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Drinking Windows

Drinking windows give an indication when a wine is likely to be at its peak for drinking. Opening a bottle at the right age will mean that the tannic structure of the wine has softened whilst still maintaining its freshness and concentration of fruit.

As we are predominantly specialists in Bordeaux and Burgundy, we have given our recommendations for these regions below. These are general guidelines so please see the appropriate vintage breakdown for more detailed advice.

Drinking windows give an indication when a wine is likely to be at its peak for drinking. Opening a bottle at the right age will mean that the tannic structure of the wine has softened whilst still maintaining its freshness and concentration of fruit.

As we are predominantly specialists in Bordeaux and Burgundy, we have given our recommendations for these regions below. These are general guidelines so please see the appropriate vintage breakdown for more detailed advice.

Bordeaux

  • For Classed Growth Bordeaux, 2015 and 2014 are not yet ready to drink. We generally recommend that customers drink and enjoy vintages 2013, 2012, 2011, 2008, 2007, 2006 and all vintages older than 2005.
  • If you have mature vintages stored with us under bond, we would advise you to have them delivered (duty, delivery and VAT charges are applicable) or we will be pleased to buy them back from you.
  • 2005 is a great vintage and a tricky one to judge. The First Growths and best Classed Growths still have a long life ahead of them however many can be opened now.
  • 2009 and 2010 are outstanding vintages. Cru Bourgeois and some Classed Growths can be opened but we recommend being patient, particularly with the top wines which require further cellaring.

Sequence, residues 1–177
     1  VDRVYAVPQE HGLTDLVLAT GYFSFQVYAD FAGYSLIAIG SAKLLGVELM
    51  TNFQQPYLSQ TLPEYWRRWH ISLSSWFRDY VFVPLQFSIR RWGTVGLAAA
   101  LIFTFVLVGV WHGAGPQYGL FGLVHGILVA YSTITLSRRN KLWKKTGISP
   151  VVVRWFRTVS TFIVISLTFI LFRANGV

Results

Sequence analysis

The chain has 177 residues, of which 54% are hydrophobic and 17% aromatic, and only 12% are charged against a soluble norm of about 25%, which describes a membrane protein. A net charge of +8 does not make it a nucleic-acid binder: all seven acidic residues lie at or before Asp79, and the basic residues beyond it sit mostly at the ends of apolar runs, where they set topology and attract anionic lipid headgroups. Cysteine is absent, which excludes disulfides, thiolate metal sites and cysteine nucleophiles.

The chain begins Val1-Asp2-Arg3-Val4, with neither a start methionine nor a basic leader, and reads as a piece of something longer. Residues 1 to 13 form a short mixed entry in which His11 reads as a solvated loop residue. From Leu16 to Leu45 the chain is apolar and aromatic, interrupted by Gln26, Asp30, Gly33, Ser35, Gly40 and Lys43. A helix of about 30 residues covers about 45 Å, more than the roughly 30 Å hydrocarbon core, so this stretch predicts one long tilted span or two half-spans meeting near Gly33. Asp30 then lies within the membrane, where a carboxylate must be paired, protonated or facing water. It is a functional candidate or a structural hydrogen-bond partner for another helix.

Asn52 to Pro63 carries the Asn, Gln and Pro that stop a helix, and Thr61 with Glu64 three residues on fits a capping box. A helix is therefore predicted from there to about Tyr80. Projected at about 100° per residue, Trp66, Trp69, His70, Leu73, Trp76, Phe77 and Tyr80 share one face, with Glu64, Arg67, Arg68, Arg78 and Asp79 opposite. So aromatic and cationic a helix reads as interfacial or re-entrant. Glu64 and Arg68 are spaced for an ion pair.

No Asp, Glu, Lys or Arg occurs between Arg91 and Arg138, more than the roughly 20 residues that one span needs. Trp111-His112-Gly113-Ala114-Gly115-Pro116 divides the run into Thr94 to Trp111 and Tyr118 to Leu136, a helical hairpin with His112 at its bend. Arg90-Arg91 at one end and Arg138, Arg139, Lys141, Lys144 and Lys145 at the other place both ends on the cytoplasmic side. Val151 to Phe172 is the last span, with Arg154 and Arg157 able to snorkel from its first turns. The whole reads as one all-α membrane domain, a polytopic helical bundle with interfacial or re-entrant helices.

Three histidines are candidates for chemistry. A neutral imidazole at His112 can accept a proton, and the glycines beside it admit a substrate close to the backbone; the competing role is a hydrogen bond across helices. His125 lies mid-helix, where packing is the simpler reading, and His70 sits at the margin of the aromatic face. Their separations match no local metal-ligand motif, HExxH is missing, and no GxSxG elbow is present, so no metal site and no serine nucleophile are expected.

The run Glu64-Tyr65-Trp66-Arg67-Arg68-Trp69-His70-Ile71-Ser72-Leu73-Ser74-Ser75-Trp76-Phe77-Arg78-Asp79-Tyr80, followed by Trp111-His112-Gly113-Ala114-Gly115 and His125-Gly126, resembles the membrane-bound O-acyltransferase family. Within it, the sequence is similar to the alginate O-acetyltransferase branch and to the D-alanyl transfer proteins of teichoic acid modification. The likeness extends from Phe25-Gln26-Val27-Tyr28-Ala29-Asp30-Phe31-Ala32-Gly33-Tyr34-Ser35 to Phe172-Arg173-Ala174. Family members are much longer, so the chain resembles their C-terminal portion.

• For Dry White Bordeaux our advice is to drink these in their youth. Few benefit from keeping, and for Sweet White Bordeaux, these can be enjoyed young or old and remain under-valued and under-appreciated in our view.
  • Red Bordeaux Vintage Breakdown

Burgundy

  • For red Burgundy, all Bourgogne rouge should be opened and enjoyed while village wines can afford to be cellared for 2-3 years after release.
  • Premier Cru and Grand Cru wines from 2015 and 2014 are not yet ready to drink. Premier Cru wines older than 2009 should be drunk while younger vintages have the drink/hold recommendation. The same applies for Grand Cru wines however the 2005 vintage will also continue to improve in the bottle with additional cellaring.
  • Our advice for White Burgundy is not to store these for too long. Most wines older than 2010 should be withdrawn now.
  • Red Burgundy Vintage Breakdown

Drinking Recommendations

Please see below an explanation of the recommendations we include in your portfolio. These are intended as a rough guide only. Please let us know if you have any questions regarding specific wines and one of our team will be happy to provide further information regarding drinkability and value.

Recommendation   Explanation
Hold The wine is not yet regarded as being mature and our advice is to keep it in storage, although it can, of course, be sold at any time.
Drink/Hold The wine is just ready to drink but it has plenty of life ahead of it. It can be held in storage, taken out for drinking, or sold.
Drink/Sell The wine has reached full maturity and you should consider either removing it from storage to drink or selling it back to us.
Withdraw

The wine is fully mature and may well decline in quality with further ageing. It should be removed from storage for immediate consumption.

For further advice on specific wines or vintages or for adive on other regions, please email Ben Browett

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